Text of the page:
E. and W.S. Maxwell of Montreal.
P. Lyall and Sons
Construction Company. Western Manager - H.A. Singley.
Local superintendent of construction was Sanford N.
Design similar to New York's Plaza Hotel rather than the
French Chateau Style hotels built by the CPR in other
Canadian cities. The eight storey (plus a lower basement
level) Palliser was built in an E shaped plan with three
individual towers. It featured a flat roof and
substantial cornices. Classical features included engaged
Ionic columns and radiating voussoirs over the round -
headed windows flanking the main 9th Avenue entrance. A
French - styled Mansard roof appeared on the original
plans but was never built.
Stone, steel, reinforced
concrete and brick.
Moulded ceilings, marble
columns and floors, fine oak woodwork, hand made rugs and
tapestries. Original art from Montreal art dealers W.
Scott and Sons. Roof garden and sun parlour, dining room,
palm court (to the left of the main entrance), ball room,
ladies' drawing room, gentlemen's smoking room and 350
suites in the upper floors. Each suite featured Canadian
made furnishings, a mahogany door, brass bed, hot and
cold running water and an outside window. The Western
Standard newspaper of June 20, 1914 described the elegant
new hotel in detail. " The floor of the rotunda,
vestibule, entrance hall and elevator hall is of grey
Tennessee marble, and the columns that support the roof
are finished in Botticino marble, with sylvan green
marble for the bases. The entire ground floor with the
exception of the dining room and ladies' drawing room, is
fitted in fumed oak." The bar room, with its oak
beams, stained glass windows, and coats of arms carved
into heavy columns had the air of a baronial hall.
Basement included a barbershop, complete with porcelain
manicure tables, a brick wall oven for baking fresh
bread, ten sample rooms, a wine cellar, ice room and a
baggage room connected to the railway station.
- Excavation for the
new hotel began May 12, 1911 on CPR property
which had been the site of the railway garden and
bandstand. The location of the hotel next to the
railway station at the hub of the city was no
accident as most hotel guests travelled by train.
- On March 1st 1912 a
local paper announced "Plans for the New CPR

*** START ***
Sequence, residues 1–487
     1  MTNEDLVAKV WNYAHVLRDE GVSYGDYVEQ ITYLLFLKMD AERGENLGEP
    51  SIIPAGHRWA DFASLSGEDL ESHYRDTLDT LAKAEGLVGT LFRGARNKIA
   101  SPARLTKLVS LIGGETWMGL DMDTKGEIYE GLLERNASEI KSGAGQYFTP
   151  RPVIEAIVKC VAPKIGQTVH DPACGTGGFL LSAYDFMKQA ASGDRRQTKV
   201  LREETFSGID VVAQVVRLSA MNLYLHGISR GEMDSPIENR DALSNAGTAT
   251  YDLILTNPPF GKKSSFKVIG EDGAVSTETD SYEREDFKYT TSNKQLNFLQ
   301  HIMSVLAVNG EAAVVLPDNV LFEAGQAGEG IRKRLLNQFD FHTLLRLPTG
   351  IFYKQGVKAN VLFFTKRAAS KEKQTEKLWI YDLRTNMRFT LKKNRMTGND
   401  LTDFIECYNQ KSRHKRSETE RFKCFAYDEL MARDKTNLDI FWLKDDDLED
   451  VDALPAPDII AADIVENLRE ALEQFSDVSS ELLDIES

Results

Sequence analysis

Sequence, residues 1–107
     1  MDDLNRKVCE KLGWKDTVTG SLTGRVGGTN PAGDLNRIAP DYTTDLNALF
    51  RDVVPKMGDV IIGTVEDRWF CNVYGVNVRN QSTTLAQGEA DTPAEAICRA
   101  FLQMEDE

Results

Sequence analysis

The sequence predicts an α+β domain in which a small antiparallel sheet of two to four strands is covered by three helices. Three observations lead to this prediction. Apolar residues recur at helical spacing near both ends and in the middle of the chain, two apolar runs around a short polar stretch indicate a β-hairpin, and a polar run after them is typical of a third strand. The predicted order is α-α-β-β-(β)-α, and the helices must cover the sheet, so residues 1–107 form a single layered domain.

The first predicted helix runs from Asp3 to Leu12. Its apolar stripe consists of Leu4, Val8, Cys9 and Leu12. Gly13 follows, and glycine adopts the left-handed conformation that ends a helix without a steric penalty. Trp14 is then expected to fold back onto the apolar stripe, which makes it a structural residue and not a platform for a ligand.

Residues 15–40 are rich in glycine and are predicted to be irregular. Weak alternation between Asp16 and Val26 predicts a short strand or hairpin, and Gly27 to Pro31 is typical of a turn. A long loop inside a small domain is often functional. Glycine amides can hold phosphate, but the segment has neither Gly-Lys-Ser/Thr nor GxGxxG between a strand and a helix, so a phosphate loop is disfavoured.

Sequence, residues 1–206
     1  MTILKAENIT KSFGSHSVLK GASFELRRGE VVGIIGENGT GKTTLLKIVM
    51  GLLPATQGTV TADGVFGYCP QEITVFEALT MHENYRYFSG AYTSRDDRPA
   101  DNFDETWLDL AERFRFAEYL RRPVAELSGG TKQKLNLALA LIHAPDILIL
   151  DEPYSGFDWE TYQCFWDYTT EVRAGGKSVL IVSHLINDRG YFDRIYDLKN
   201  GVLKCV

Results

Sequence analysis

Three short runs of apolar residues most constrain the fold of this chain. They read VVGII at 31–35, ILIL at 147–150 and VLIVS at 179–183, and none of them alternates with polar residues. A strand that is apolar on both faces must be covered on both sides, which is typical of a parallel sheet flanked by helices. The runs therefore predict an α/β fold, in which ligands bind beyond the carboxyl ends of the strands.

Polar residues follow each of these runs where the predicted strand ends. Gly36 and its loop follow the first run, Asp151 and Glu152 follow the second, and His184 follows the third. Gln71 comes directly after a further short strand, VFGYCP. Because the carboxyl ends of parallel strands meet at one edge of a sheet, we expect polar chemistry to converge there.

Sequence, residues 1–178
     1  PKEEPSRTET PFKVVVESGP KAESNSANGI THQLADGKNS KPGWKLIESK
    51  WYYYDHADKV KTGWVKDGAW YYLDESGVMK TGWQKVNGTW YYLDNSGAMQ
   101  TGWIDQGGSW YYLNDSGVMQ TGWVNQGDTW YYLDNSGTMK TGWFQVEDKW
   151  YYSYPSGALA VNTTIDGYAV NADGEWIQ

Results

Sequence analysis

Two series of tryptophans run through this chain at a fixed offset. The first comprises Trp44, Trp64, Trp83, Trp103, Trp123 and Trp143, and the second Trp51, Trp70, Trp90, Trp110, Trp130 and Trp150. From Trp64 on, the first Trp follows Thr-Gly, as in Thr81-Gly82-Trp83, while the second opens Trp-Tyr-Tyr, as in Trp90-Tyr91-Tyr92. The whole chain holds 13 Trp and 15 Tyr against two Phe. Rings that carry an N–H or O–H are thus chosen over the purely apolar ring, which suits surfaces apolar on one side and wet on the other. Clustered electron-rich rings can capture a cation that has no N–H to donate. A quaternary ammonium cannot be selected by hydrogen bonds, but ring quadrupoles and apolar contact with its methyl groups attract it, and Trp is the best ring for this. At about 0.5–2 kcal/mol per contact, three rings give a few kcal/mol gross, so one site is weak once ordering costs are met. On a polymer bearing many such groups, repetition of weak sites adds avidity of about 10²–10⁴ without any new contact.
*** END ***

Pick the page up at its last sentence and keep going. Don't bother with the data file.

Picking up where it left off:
- The Hudson's Bay
Store and the Palliser were the most costly
commercial buildings erected in Calgary during
the boom years.
- During construction
Calgarians referred to the hotel as " the
Canadian Pacific Railway, Calgary Hotel".
The local newspaper asked readers to submit ideas
for naming the new hotel. Suggestions included
the Adanac, Great Western, Golden West, Pride of
the West, Royal Northwestern, Shaughden,
Crowfoot, Piedmont, Swastika and Royal Mary.
- The name Palliser
was selected in commemoration of Captain John
Palliser, leader of the famed British expedition
responsible for exploring Western Canada between
1857 and 1860. Members of the expedition
collected astronomical, meteorological,
geological and magnetic data, described the flora
and fauna, the inhabitants and the suitability of
the country for settlement and transportation.
- Hotel popularly
known as the "Castle by the Tracks".
- When the Palliser
opened about 11 months behind schedule in June
1914 there were 300 employees. The Chief Steward
reported that the supplies included 12,612
sheets, 6,000 pillow cases, 9,600 quilts, 15,00
blankets, 2,000 tablecloths, 8,400 serviettes and
- 1929 - three floors
and a penthouse were added, making it the tallest
building in Calgary at the time. Tudor, Spanish
and Italian decor was featured in some of the 492
suites. Rooms were $4.50 a night. Complete lunch
was $1.00 and dinner $1.50.
- Home to social and
service club functions, dining, dancing, teas,
- Palliser hosted
Annual Old Time Range Men's Dinner between 1929
and 1993. The first dinner held July 9, 1919 was
attended by 57 "old time cow men". Only
those men who had worked on a round - up wagon
prior to 1900 qualified for the spread put on by
- 1930 - dinner
honouring the "Famous Five."
- During the 1930s
the big band sound of the Jerry Fuller Orchestra
was broadcast live on national radio from the
- Temporary home to
politicians, movie stars and royalty including
the Prince of Wales who later abdicated the
throne to marry Mrs. Simpson, Queen Elizabeth and
Prince Philip, Cary Grant, Sophia Loren, Don
Johnson, Bill Crosby and famous Danish explorer,
- Some folks just
moved in and stayed. Calgarian R.B. Bennett who
eventually became Prime Minister of Canada lived
in room 760.
- Between the 1940s
and 1960s the Palliser's New Year's Eve Ball was
the city's major social event.
- 1962 - 1965 - $2.5
million renovation. The interior was
"modernized". Ceilings lowered, air
conditioning installed, 475 suites updated and a
new dining area and bar, the Rimrock Room and the
Big Top Lounge opened.
- 1970s and 1980s -
Millions of dollars spent restoring the hotel to
its original splendour. Earlier renovations were
dismantled and the lobby, lower level guest rooms
and other public areas restored in Renaissance
- Chosen to host
Olympic VIPs during the XV Olympic Winter Games
(1988) held in Calgary.
- A gala Charity Ball
was held in May 1989 to celebrate the Palliser's